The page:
This year (2017), was very exciting in terms of technology. A lot of new concepts, tools and frameworks were introduced, laying the ground for software developers and entrepreneurs to introduce cool new innovative products in the following years. 2018 would be even more exciting, with lots of improvements in the already existing areas, that will (hopefully) make our lives better and more efficient. In this post, we will see what I believe would be the trendy topics for 2018.
Data visualisation helps us better understand the information and statistics our systems have collected. Having different views of the data, in different types of charts, like line charts, bar charts, pies etc, is really useful for anyone who has to make decisions based on data. Since users expect to have everything now on their mobile devices, we will see in this post how we can draw such charts. We will create three different types of visualisations, the first two with the awesome Charts library, and the third one will be our custom implementation.
One of the most exciting frameworks released with iOS 11 is ARKit. With ARKit you can incorporate 3D data and objects into the physical environment of the user. Moreover, objects can be interactive, offering a richer experience of the real world. Technologies like virtual reality and augmented reality are not that new, however, with smartphones becoming more powerful, there are fewer limits to what is possible. That includes improved cameras, better processors and a larger variety of sensor data. The new iPhones’ cameras offer a perception of 9 levels of depth and combined with powerful processors, making it possible to create rich and immersive worlds.
2018 is coming soon and there are already a lot of great iOS conferences scheduled. Usually, when looking for conferences, I was checking lanyrd.com. However, lately it seems it’s no longer maintained and there is not much info there. That’s why I’ve compiled a list by myself. As soon as there are new conferences announced, I will update the list accordingly. Feel free to point out some cool conferences in the comments, they will also be added to the list. Here’s what we have so far. Which of these conferences are you planning to attend?
Apps are becoming more and more complex. Users expect great user experience, even without internet connection. An app that is not usable and treats offline as an error will not leave good impression. Internet connection is something that is not always and everywhere available. That’s why we have to save the most relevant user data locally, on the device. While there are situations where you can get away with some caching mechanism (saving JSON/XML files locally on the file system), most of the time you would need some kind of a mobile database.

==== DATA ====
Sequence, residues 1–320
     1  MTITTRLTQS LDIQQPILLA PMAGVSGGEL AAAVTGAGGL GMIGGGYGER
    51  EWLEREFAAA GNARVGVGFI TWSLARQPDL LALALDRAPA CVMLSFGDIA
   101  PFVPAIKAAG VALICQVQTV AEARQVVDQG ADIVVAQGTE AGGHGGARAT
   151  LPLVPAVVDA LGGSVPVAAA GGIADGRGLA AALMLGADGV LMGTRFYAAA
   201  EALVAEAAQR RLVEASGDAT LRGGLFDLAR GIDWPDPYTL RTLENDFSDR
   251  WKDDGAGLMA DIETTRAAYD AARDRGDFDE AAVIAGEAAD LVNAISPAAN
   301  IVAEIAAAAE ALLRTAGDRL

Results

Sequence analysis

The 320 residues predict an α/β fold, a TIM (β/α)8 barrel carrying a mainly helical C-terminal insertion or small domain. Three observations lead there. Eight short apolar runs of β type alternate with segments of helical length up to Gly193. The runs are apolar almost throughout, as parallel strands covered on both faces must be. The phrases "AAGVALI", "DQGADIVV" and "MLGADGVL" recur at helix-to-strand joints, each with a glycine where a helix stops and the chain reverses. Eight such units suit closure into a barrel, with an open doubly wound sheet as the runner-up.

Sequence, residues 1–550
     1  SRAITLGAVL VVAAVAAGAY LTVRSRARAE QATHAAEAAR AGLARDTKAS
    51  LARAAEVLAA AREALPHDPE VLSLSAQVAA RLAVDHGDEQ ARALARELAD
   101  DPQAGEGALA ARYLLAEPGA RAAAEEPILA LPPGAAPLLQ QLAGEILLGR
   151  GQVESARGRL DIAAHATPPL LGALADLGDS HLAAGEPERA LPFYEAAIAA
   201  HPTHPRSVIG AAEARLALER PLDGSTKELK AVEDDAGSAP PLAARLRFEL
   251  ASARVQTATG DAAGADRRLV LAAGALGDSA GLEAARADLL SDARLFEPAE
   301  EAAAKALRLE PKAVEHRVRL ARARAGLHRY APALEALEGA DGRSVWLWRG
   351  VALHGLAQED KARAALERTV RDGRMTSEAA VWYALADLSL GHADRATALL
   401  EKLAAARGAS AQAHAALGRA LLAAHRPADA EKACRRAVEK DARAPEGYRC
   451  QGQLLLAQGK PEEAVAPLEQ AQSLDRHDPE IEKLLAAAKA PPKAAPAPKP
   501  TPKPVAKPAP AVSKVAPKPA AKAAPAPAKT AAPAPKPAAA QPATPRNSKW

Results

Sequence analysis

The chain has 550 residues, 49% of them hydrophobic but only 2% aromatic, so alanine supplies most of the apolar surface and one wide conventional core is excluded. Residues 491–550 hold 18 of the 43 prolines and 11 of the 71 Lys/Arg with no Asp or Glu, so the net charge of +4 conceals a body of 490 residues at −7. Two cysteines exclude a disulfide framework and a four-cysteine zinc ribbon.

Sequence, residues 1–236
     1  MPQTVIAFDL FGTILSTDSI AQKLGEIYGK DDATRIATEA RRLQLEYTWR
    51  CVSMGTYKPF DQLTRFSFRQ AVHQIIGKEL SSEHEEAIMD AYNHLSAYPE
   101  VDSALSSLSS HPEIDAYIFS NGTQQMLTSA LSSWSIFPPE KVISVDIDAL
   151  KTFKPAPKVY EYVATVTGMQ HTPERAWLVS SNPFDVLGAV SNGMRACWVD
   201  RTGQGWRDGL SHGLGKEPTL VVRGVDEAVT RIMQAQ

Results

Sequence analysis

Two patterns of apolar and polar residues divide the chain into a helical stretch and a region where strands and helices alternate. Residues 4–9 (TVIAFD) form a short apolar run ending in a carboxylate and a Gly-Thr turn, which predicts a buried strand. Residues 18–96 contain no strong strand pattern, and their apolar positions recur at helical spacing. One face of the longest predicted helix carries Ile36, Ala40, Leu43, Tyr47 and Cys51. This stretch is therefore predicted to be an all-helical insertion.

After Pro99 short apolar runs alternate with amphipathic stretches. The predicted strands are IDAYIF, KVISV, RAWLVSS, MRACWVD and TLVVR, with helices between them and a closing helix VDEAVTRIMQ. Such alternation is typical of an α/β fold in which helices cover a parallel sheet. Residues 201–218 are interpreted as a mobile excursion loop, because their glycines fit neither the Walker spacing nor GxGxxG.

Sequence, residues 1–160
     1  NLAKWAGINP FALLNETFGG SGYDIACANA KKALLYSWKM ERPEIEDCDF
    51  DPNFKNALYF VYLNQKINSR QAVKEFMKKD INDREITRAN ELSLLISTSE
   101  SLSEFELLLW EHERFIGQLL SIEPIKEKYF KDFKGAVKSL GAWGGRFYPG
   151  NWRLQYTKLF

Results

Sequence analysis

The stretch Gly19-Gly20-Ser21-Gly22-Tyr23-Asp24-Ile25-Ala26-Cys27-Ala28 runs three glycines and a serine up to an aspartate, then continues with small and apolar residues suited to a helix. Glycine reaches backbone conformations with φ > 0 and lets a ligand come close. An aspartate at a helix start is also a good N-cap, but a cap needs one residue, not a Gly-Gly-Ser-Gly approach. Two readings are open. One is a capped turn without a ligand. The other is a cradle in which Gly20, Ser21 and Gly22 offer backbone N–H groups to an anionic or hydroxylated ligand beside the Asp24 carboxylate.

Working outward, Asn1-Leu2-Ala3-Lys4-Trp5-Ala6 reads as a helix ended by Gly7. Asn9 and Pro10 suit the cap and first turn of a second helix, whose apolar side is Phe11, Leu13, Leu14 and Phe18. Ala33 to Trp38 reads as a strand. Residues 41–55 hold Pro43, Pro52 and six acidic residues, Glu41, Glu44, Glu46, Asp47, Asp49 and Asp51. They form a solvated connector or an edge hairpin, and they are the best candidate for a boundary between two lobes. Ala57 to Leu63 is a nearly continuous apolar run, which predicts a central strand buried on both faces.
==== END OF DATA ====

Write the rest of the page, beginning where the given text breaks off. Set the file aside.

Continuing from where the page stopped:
There are a lot of options for developers to do this. You can use the good old SQLite, Apple’s Core Data, or some other solutions like Realm or Firebase. In this post, I will share my experiences with some of them.
Maps are used in many mobile apps. That’s mainly because of the nature of the mobile user experience – users expect to easily find what’s happening around them. For us, the iOS developers, there are few options to provide maps for the apps running on Apple devices. The most notable are Apple’s MapKit, Google Maps, MapBox. All of them have pros and cons and frequently in our apps’ life on the App Store, there’s a need to replace one map implementation with the other.
Since all of them have different classes, methods and architecture, this can be a tedious task. We will need to make a lot of code changes and adjustments, which might introduce bugs and affect the stability of the application. There has to be a better way.
Graphical User Interfaces exist to enable the communication between humans and computers. The first graphical user interface was the command line (or the terminal), where users have to type explicit commands that the computer can understand. It’s not that suitable for the not-that-tech-savy people, but a lot of computer programmers are still using it today for performing some tasks. The introduction of the desktop user interface, brought the computers to the masses. It still required a learning curve, but a lot easier than the terminal. Next, the mobile phones revolution brought the multi-touch interface, where the finger was the primary point of interaction with the devices. A more intuitive solution, but still users have to be taught first. Also, there are different operating systems (OS) on the market, which have their own specific features – there isn’t a unified user interface that works the same on all devices.